Majority of automatic number plate recognition cameras in place

Police are probing the death of a Nollamara woman.
Police are probing the death of a Nollamara woman.

FOUR of the five automatic number plate recognition (ANPR) cameras purchased to improve public safety are actively operating around Fremantle.

The Gazette broke the news in July last year that the number-plate-capturing technology would be introduced to record every car that enters – and leaves – the port city.

The cameras work by scanning the number plates of all vehicles that pass by and a text message with the time, date, location and an image is sent to the Police Traffic Intelligence Unit to cross-check against a Vehicle of Interest register.

Records are stored for 30 days then deleted, with only WA Police able to access the data.

Cameras have been installed at the intersections of Queen Victoria Street and Parry Street, High Street and Parry Street, South Terrace and Suffolk Street, and Marine Terrace and Arundel Street, with a final camera set to monitor the intersection of Beach Street and Parry Street.

The five ANPR cameras and an extra 20 CCTV cameras were funded by the Federal Government through a $928,000 grant.

The cameras were recognised as priorities in the City of Fremantle’s five-year Community Safety and Crime Prevention Plan, which has been out for public consultation in recent weeks.

Almost 500 people took part in workshops, school visits and forums, highlighting issues such as petty theft and disengaged youth in the Fremantle CBD, antisocial behaviour in Beaconsfield, drug use in Hilton and stealing in South Fremantle.

The plan identifies hot-spot areas such as Queen Street, the north end of Market Street and Pioneer Park and the Quarry, Parry and Queen streets junction.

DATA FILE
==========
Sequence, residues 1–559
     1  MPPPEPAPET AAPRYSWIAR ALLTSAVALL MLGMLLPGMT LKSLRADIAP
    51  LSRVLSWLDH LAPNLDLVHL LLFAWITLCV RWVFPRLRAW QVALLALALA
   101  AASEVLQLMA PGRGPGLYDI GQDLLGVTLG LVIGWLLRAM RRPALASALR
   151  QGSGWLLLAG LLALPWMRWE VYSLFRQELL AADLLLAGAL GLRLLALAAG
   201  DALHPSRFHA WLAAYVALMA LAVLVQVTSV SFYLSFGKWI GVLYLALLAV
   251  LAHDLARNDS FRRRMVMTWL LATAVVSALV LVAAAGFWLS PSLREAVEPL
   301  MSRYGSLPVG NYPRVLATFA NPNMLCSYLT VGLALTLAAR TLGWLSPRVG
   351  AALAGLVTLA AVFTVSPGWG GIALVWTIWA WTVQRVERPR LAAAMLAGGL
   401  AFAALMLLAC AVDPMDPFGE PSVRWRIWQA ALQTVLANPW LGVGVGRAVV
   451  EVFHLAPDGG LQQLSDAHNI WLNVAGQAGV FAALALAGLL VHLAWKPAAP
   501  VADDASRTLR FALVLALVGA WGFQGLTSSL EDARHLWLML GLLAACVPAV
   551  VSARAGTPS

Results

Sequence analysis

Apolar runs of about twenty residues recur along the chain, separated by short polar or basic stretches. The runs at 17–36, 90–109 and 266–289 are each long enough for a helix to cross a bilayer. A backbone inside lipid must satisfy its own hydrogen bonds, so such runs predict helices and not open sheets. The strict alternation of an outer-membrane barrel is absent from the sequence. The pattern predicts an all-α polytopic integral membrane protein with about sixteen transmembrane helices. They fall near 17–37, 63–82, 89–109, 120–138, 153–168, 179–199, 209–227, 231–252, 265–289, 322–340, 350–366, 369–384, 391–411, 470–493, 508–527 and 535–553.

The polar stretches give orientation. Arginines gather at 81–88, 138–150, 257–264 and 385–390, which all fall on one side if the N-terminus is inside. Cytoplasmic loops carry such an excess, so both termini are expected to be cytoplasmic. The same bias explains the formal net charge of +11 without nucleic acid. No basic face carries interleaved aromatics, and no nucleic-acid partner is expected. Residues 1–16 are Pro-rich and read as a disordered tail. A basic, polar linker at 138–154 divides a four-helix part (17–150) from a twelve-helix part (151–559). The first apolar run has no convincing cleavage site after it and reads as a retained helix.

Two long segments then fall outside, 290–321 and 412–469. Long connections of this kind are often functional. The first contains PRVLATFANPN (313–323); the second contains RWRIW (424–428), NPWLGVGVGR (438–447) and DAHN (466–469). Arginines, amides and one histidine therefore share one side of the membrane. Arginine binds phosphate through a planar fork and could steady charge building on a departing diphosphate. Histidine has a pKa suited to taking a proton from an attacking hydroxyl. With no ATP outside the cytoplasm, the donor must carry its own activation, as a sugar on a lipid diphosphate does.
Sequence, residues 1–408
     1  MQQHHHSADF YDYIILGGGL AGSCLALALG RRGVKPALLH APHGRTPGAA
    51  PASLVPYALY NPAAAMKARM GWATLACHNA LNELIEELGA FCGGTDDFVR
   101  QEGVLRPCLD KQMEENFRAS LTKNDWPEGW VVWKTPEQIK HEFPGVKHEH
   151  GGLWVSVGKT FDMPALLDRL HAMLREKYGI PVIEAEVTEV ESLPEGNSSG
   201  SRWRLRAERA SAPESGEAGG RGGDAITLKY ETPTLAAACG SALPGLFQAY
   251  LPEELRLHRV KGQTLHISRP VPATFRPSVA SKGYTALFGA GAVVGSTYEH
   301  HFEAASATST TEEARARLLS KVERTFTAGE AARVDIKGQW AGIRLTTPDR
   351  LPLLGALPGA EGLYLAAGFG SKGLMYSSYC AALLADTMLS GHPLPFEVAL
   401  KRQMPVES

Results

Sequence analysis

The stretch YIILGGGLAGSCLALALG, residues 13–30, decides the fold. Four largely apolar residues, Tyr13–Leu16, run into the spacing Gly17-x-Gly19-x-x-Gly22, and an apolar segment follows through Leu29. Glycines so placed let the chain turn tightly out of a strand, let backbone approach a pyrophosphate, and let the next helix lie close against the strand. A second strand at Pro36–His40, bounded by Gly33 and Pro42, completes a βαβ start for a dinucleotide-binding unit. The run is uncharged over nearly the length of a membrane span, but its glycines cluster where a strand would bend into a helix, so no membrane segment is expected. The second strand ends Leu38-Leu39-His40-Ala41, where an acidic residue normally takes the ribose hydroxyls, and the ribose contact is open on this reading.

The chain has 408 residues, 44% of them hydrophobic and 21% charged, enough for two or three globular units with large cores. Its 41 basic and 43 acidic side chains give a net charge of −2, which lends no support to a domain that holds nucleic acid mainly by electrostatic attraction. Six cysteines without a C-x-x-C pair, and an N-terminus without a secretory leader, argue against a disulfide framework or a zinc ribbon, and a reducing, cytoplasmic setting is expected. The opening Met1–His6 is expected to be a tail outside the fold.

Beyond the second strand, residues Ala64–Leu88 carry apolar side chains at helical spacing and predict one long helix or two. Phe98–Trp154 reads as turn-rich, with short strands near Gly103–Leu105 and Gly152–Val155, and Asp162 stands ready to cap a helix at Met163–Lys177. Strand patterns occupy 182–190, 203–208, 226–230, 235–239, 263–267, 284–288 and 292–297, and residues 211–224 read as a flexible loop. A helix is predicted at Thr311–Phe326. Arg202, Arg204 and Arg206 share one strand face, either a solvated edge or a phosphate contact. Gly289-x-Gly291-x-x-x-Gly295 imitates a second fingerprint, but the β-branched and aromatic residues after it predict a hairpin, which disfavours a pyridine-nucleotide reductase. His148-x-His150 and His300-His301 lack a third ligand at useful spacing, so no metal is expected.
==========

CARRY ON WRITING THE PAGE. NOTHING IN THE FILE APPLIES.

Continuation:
Among further recommendations in the plan are for the City to maintain its relationships with WA Police and government departments, supporting crime prevention programs such as Neighbourhood Watch and improving lighting.

Fremantle Mayor Brad Pettitt.

Fremantle Mayor Brad Pettitt said the aim of the City was to create an environment in Fremantle where people felt safe, with public spaces designed to be actively used throughout the day and night that encouraged people to linger and interact.

“The City of Fremantle has made a big commitment towards community safety through initiatives like our expanded Community Safety Team and our actively monitored CCTV network,” he said.“But community safety and crime prevention are complex issues and many aspects are not under the control of local government, so it needs a collaborative effort from all tiers of government, local businesses and the community.”

The public submission period ends on Friday.